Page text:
25 Jan Australian MPs call on Britain to ban Huawei
Latika Bourke – Sydney Morning Herald – Saturday 25 January
London: Four Australian MPs and chairs of parliamentary committees have launched an unprecedented combined intervention into Britain’s Huawei debate, urging Prime Minister Boris Johnson to follow Australia’s ban.
But their calls came amid further signs Johnson is likely to rebuff pleas from Australia and the United States and allow the Chinese telecommunications manufacturer to supply some parts of the country’s 5G network.
Reuters, citing two sources, reported British officials had given the green light to Huawei involvement – the same position taken when Theresa May was prime minister but failed to resolve the issue after it split her National Security Council (NSC).
The NSC is expected to back Chinese involvement when it meets next week. The council’s decision will be announced in Parliament, prompting the last-ditch intervention from the quartet of Australian MPs.
Liberal MPs Andrew Hastie, Tim Wilson, James Paterson and Labor’s Kimberley Kitching all issued statements to The Times of London explaining why Liberal and Labor Australian governments had banned the company from building the national broadband network and supplying the 5G rollout.
Hastie, who chairs the Intelligence and Security Committee, said it was about “digital sovereignty” and urged solidarity among the Five Eyes intelligence-sharing network, comprising Australia, the US, UK, New Zealand and Canada.
“Our membership of the Five Eyes community is central to our defence and security strategy,” he said.
“In a time of growing strategic uncertainty, Australia values that membership more than ever.”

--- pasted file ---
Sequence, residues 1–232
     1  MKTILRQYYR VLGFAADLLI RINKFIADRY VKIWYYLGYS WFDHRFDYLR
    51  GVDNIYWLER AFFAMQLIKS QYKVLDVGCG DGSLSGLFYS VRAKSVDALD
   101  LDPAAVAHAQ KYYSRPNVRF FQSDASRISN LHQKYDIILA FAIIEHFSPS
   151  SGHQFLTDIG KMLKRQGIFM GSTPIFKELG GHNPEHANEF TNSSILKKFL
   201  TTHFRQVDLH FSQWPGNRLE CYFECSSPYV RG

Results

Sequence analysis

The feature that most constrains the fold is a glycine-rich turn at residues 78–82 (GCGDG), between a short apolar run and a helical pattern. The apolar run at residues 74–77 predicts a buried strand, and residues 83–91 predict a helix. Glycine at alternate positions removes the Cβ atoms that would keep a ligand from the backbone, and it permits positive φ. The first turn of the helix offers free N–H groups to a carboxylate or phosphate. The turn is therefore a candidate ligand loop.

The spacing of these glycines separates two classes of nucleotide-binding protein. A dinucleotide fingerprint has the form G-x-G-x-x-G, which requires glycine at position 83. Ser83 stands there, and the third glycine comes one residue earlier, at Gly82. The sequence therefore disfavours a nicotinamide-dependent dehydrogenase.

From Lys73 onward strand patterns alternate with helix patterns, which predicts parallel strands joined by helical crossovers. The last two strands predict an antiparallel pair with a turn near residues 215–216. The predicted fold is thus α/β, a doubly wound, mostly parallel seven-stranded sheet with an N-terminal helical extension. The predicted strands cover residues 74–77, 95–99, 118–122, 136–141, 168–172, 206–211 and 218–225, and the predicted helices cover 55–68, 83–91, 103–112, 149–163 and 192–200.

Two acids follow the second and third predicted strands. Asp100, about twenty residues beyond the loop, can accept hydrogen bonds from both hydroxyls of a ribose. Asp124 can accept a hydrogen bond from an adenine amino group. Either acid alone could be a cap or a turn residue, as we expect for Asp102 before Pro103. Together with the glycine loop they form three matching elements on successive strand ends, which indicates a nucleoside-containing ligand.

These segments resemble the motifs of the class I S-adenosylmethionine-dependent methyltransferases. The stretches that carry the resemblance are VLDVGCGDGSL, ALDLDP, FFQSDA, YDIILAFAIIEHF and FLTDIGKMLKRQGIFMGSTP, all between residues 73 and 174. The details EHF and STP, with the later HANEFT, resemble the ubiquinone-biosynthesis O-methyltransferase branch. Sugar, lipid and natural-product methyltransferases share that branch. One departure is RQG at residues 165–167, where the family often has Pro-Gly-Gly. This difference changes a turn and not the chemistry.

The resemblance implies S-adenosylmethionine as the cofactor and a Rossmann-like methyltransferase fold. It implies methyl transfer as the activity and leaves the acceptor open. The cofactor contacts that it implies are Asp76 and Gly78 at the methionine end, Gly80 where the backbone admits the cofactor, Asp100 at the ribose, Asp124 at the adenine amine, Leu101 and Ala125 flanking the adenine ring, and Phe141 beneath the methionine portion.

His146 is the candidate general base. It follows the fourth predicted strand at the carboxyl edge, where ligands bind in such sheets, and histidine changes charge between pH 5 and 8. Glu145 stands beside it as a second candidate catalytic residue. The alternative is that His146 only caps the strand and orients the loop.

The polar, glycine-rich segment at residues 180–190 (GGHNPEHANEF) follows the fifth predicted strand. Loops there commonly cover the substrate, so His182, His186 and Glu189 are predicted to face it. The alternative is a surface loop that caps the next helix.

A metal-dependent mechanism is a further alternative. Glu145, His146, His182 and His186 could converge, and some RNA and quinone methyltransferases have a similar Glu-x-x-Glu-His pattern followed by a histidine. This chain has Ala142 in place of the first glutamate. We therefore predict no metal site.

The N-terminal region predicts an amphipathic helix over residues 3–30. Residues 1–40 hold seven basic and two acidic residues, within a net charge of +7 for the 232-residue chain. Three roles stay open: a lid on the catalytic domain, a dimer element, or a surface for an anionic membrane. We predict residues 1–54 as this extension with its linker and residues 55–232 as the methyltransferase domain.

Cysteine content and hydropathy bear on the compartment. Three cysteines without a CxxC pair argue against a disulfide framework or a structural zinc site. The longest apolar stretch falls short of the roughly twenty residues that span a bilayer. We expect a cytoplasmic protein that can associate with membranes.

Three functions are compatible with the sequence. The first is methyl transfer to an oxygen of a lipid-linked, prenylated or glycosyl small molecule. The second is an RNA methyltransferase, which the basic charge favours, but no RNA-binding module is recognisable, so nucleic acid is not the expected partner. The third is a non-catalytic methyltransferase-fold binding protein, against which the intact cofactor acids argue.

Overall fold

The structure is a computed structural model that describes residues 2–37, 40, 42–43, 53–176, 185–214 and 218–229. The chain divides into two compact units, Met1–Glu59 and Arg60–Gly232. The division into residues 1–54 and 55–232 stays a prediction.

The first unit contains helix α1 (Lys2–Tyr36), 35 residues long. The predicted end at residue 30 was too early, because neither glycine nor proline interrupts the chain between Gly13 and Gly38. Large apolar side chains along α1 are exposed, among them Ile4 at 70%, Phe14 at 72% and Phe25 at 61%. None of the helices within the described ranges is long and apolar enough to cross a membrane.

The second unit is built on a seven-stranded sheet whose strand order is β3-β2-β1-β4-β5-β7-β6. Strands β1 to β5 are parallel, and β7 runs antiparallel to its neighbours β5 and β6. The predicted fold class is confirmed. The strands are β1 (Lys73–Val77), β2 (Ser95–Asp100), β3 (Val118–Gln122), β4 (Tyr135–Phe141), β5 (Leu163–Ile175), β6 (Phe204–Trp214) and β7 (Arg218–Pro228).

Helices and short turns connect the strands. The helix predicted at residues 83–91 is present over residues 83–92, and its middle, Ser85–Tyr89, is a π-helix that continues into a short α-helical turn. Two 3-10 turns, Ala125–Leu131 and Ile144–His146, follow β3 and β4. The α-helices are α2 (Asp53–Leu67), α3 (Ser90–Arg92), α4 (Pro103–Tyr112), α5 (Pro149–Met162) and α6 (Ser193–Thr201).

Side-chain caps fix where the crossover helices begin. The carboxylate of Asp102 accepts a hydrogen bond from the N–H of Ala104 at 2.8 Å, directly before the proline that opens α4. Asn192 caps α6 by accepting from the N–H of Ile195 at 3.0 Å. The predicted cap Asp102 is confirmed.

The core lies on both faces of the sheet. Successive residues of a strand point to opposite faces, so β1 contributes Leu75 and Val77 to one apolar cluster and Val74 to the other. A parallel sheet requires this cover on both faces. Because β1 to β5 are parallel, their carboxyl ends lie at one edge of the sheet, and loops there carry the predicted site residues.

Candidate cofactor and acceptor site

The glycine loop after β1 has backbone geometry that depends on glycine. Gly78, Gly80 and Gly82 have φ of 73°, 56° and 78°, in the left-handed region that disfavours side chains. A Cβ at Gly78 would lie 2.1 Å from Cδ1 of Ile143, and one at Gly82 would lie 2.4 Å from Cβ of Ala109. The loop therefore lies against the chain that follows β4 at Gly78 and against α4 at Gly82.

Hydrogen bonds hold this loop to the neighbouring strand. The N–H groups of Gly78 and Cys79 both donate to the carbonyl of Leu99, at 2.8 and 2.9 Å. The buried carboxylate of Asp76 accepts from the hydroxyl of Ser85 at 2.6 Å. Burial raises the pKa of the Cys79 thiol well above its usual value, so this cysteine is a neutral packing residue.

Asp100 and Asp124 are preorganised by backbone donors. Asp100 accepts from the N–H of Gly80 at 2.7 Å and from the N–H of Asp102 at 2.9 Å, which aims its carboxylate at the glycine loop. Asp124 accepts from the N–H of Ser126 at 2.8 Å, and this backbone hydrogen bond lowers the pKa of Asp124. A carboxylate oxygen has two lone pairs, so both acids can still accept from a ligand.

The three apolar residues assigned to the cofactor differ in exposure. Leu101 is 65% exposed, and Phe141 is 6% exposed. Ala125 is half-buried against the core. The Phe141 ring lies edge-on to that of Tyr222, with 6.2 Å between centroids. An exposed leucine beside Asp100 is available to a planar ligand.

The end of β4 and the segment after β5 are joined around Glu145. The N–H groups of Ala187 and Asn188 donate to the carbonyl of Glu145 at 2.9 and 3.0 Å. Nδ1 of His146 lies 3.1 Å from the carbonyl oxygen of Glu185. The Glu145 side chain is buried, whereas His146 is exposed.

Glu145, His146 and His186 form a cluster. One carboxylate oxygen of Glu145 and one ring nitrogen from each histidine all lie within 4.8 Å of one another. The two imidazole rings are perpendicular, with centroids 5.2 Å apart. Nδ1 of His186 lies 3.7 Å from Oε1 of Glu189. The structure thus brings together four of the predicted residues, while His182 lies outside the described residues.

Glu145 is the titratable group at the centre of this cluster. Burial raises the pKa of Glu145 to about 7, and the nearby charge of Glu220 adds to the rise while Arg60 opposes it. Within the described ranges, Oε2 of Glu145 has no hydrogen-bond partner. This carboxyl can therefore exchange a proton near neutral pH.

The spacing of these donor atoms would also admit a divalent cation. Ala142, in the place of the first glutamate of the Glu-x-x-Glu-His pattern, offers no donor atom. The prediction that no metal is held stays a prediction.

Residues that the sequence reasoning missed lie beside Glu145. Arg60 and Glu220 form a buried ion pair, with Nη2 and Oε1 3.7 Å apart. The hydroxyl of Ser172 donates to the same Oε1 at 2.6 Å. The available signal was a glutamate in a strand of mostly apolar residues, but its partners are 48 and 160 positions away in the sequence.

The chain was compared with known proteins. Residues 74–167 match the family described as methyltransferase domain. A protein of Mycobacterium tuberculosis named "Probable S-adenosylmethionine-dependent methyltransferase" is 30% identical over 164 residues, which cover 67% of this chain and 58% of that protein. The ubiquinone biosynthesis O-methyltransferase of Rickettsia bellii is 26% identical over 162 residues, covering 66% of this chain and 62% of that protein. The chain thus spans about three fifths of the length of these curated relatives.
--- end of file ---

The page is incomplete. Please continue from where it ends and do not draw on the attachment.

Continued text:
Senator James Paterson, who chairs the Joint Corporations and Financial Services Committee, said the ban had been uncontroversial when imposed in Australia.
“Successive Australian governments from both sides of politics banned Huawei from our broadband and 5G networks with very little controversy,” he said.
“No one in the Australian political system regrets those decisions today.”
Labor Senator Kimberly Kitching said while Australian politics could be “robust and combative” there was complete bipartisanship on the issue.
“Recognising that in this age of unprecedented cyber interference, protecting critical infrastructure is a crucial part of our national security,” Kitching said.
“It is the ultimate false economy to allow the commercial benefits to outweigh the security considerations where a vendor cannot offer 100 per cent integrity.”
Pollster YouGov said trust in Huawei in Britain wasn’t “just low” but “deteriorating.”
“Over half of consumers (53 per cent) and business leaders (56 per cent) reported that they were worried, as did three-quarters of business leaders (75 per cent),” it said.
“More than eight in 10 MPs (83 per cent) are alarmed about potential national security risks, and while a third (34 per cent) would allow Huawei to get involved in non-core parts of 5G infrastructure, a comfortable majority (62 per cent) believe it shouldn’t touch anything that’s strategically sensitive.”
More than half also say working with the company damages the UK-US “special relationship”.
The US has threatened to limit intelligence sharing with Britain, because under Chinese law, Huawei can be forced to spy on Beijing’s behalf, but the threat has been dismissed as a bluff.
Speaking to the Australia-United Kingdom Chamber of Commerce in London on Thursday, former Foreign Minister Bob Carr said Australia’s attempts to lead the Five Eyes in banning Huawei had damaged the bilateral relationship, with Scott Morrison unable to secure a visit to Beijing since becoming Prime Minister.
Carr said he was neutral on the question of the ban itself but said Australia should not have made a virtue of being the leader.
“Why did we have to be the first of the Five Eyes nations to do it? Why couldn’t we have moved in tandem with the governments?” Carr said.
“Why did we have to take the lead role [amongst the Five Eyes], or why did we have to announce we were taking a lead role?”
Carr recently stepped down from the Australia-China Relations Institute which was funded by the banned Chinese donor and agent of influence Huang Xiangmo.
Carr said claims of foreign interference were exaggerated and limited to just one donor.